Everyone has heard of cheating in school, and many may even take part in this activity. Academic cheating includes copying test answers, plagiarizing reports and paying someone to complete homework for you. The reasons why students cheat are varied, but many students do it. The ease of internet access, the needs to get higher grades, the acceptability of cheating, the lack of repercussions for cheating, and the lack of time or desire to complete assignments are some examples for reasons that people may cheat in college.
The internet brought the ability to quickly and efficiently transmit information on anything, from anywhere, right to our fingertips. With sites catering to students by providing pre-written reports and essays that you can purchase or download for free, it's never been easier to plagiarize someone's work. The temptation of being able to grab just a few lines from the Internet can be irresistible. Today's academic system is based on 'Grade Point Average' or some other numerical or alphabetical representation of educational skill.
Students may opt to cheat in various ways to give themselves an edge with their grades or to help them get better marks in a class they find difficult or are not being engaged in by the academic staff. A personal expectation of grades may also drive a student to cheat. “Grades, rather than education, have become the major focus of many students. ” (Jeffe, 2012) Another common reason why students cheat is because other students cheat. More students may end up cheating if they discover the head of the class is cheating, as it shows that people who cheat will get better grades.
Due to the lack of social reprimand and the notion that "everyone does it", there isn't much of an honor system regarding cheating among students. “Students who cheat often feel justified in what they are doing. They cheat because they see others cheat and they think they will be unfairly disadvantaged. “ (Jaffe, 2012) It is generally accepted that everyone cheats at some point, so it is not discouraged among peers. The way a school board decides to handle students who cheat may also contribute to cheating.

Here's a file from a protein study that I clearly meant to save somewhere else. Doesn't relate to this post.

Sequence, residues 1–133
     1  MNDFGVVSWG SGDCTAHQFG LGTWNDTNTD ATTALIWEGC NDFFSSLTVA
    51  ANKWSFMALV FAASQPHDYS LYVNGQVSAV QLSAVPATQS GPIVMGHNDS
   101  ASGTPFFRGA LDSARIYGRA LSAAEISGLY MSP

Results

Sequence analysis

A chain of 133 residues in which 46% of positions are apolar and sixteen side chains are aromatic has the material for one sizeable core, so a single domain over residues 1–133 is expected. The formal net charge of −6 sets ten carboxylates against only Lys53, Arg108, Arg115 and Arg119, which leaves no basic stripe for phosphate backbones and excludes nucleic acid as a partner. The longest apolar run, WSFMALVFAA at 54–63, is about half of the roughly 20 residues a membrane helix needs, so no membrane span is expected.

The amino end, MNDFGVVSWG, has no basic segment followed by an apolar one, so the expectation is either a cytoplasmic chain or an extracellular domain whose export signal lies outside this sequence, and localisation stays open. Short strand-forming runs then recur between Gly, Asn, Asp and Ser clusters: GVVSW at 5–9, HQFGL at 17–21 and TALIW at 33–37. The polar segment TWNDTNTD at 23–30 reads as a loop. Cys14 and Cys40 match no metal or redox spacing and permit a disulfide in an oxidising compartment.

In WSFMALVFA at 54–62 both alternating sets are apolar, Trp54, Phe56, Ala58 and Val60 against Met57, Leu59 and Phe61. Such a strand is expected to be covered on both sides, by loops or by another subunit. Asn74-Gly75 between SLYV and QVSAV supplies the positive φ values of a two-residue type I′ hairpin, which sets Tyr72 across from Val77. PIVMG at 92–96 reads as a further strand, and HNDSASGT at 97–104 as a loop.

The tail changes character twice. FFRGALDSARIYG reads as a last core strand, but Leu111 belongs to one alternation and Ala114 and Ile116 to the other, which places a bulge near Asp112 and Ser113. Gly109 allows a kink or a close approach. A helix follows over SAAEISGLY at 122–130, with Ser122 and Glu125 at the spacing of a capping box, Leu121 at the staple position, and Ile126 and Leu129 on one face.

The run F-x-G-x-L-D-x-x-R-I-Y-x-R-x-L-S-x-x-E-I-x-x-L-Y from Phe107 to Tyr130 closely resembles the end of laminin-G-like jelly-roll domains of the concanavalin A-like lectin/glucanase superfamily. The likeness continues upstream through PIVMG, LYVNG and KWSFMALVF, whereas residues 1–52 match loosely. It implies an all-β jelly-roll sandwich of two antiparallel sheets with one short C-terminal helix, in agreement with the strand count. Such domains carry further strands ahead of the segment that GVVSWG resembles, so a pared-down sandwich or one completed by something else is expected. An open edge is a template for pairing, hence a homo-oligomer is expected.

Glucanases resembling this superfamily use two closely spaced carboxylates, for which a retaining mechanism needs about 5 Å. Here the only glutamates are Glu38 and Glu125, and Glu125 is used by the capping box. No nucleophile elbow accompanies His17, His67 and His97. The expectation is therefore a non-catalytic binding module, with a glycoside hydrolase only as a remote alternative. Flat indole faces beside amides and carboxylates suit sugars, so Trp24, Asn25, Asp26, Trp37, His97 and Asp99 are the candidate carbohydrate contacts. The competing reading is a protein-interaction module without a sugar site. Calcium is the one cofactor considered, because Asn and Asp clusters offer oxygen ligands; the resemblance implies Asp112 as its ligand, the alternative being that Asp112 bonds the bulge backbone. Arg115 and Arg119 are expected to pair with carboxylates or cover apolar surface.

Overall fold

Many schools and professors do not invest the time to investigate occurrences of cheating and students continue to cheat because they can get away with it. Most teachers are aware that cheating is happening, but chose to do nothing about it. Some schools will reprimand cheaters, but the punishment is often not severe enough to discourage others from cheating. Other schools may not clearly display the rules surrounding cheating or the penalties given when a student is caught.
Many professors will now spend classes giving lectures instead of having students perform class assignments as it is considered "old fashioned". These assignments are, instead, piled onto a student's already overflowing workload. Students will turn to cheating to lighten the burden of homework which often takes as many hours to complete as a full-time job. The pressure to complete all of the work within the given time frame can make cheating look like a saving grace.
Whatever the reason, it is a known fact that many students cheat on their assignments. To me, this is the “easy way out” approach to school. I feel as though, if a student is paying for their education, they should be getting something out of it. Cheating your way through college may get you a degree at the end, but will not get you the education that you need for your future in your career. So the question remains-is cheating really worth it?